The following story first appeared in the fall 2021 print issue of Beta. To get print, sign up to be a Beta Pass or Outside+ member. Membership details HERE.
My career in photography began many years ago with an education in Moving Image Arts in Santa Fe, New Mexico, followed by the pursuit of film while living in Los Angeles. After chugging through a self-produced feature-length 35mm film, as well as working with Sony ImageWorks VFX, I realized the logistics of a large production were stifling what I loved most about making images. Something has always appealed to me about taking the time to remark on something visually, no matter how transcendent or mundane.
I admire expertly and artistically produced images of faraway places with exceptional athletes and capable crews. These demonstrate an apex of production in mountain bike riding, photography, and videography. Bangers are beautiful in their own right, yet there is far more to our shared endeavor. I ask myself, “What do I bring? From where I am, what does riding mean to me?” With mountain bikes, we are given a tool that allows us not only a collective pastime, but a means to better understand our own nature. With an open-hearted perspective, we can acknowledge the sense of purpose that can be found in our riding. It can make us better human beings. My photo- graphs aim to inspire the willing observer by illuminating mountain biking’s soulful profundity. It is as real as mountains, dust, and wind.
The pursuit of a unique personal aesthetic has always driven me. Adapting my photographic aspirations to my life is an ongoing process. There were days when I traveled more frequently and rode exotic locations, reveling in the dopamine-drenched satisfaction of intense, fresh experience. But once our daughter arrived six years ago, I consciously focused my life, riding experiences, and photographic style closer to home. Shooting in far- flung destinations with pro athletes is not an essential element for success as a mountain bike photographer. This isn’t what defines the sport—our pursuit to illustrate how riding makes us feel is what brings meaning to the form.
Some of my best work comes when I turn intently upon where I am and what I am doing. On some days, that means running laps on a perfect ribbon of desert singletrack as the crystalline-gold New Mexico light fades to dusk. Those solo interval sessions of lung-busting self portraits provide some of the most powerful and satisfying experiences in my life. Perhaps I never feel more alive than when depleted by a creative effort made in the cradle of earthen reality. Solitude is of- ten a requisite for this unburdened sanctuary.
On other days, my mountain bike photography takes a deep assessment of my immediate surroundings. Whether in the garage or my makeshift studio, pondering the elements of mountain biking provides a nuanced and introspective view of our sport. For instance, a chain is simply a chain. Yet it is within a chain’s ornate expression of a simple concept that we are able to turn our wheels. When I allow myself, such ideas are at least interesting, and at best, spiritual. These notions orbit in my mind when I approach my mountain bike in detail. What I hope results are visual modes that harness the energy of the human/mountain bike interface. These creations, with the mountain bike’s esoteric shapes and forms, are exclusively for the mountain bike community. The potential for a connection via the printed page inspires me to keep seeking our abstract commonalities as mountain bikers.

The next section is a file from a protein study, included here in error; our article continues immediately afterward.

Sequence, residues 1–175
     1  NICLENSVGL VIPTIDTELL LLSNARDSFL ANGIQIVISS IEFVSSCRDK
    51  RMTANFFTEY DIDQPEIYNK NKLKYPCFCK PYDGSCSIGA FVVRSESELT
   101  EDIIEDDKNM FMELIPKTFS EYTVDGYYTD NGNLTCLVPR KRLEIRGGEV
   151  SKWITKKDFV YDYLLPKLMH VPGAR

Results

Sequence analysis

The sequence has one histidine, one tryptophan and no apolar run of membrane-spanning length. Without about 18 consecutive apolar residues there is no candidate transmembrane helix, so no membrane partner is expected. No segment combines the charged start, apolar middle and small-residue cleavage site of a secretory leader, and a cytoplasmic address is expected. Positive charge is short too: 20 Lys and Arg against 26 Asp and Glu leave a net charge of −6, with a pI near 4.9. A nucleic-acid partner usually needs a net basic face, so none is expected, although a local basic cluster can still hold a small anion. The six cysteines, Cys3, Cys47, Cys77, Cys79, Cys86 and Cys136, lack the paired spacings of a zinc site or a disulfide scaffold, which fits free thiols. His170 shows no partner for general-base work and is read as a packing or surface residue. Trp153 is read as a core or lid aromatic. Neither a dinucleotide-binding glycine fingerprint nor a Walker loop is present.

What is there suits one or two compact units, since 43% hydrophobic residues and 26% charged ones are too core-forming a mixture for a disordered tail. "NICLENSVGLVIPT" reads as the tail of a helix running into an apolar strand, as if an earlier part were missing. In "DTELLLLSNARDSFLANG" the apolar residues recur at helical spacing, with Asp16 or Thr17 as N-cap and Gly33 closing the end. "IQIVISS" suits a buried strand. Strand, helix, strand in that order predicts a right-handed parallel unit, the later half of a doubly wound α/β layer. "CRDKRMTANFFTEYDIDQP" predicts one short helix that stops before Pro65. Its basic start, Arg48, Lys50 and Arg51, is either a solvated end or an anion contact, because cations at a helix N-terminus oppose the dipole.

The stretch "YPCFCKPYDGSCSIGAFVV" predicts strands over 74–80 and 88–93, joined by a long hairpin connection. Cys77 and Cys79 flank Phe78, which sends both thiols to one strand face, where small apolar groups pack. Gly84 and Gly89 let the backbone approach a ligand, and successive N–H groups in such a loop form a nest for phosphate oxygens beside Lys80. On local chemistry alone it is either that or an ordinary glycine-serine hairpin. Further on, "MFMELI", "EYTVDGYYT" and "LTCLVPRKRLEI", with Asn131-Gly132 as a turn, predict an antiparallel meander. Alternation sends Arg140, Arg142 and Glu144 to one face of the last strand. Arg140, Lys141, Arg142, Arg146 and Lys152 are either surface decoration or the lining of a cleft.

When homebound, my pre-vis grids allow me to turn vague daydreams into image mis- sions. Harkening to motion picture production storyboards, these simple pieces of paper let me note inspiration before it disappears. The key contributor to my notes is a diligent, independent, abstract observation. For example, I consider sprockets to become increasingly analogous to mountains as they wear and tear over the course of uncounted miles. I note on my grid, “Sprocket teeth as mountain ridge. ECU. Blue-ish WB. Cross light.” These simple notes provide reference for my intended outcome. A macro lens is used to isolate the teeth, the blue white balance to suggest alpine environments, and cross light to emulate the vagaries of light and shadow on mountain ridges. Yet none of these ideas occur without opening myself to enthusiastic curiosity. I am willing to expound upon what may initially seem trivial to reveal an engaging depth.
My pre-vis grids allow me to turn vague daydreams into image mis- sions. Harkening to motion picture production storyboards, these simple pieces of paper let me note inspiration before it disappears.
The cross-pollination of my technical knowledge and philosophical inspiration must intermingle at the outset. Another grid note reads, “Wretched tree on SFH low route. Diminutive rider overwhelmed by tree.” In this instance, my notes clearly are defining a metaphor for the human and nature interface. Shades of climate change and environment weave their way in. There is wisdom in this familiar tree’s patina. Mountain biking is as much about suffering and intensity as it is about how nature enriches us. I unequivocally open my- self to the soul of the ride and the atmosphere of the moment to be created. The tree illustration reminds me of technical points: this will be a low-angle, wide-angle shot requiring a large depth of field to hold both tree and rider in focus. Ultimately, I can fuse the information when it is time to create the photograph.
There is a wealth of information in the simplicity of the pre-vis grids. Sometimes all I get is a glint of inspiration. When I take the time to make note, sometimes the glint evolves into an expansive moment of perfect light.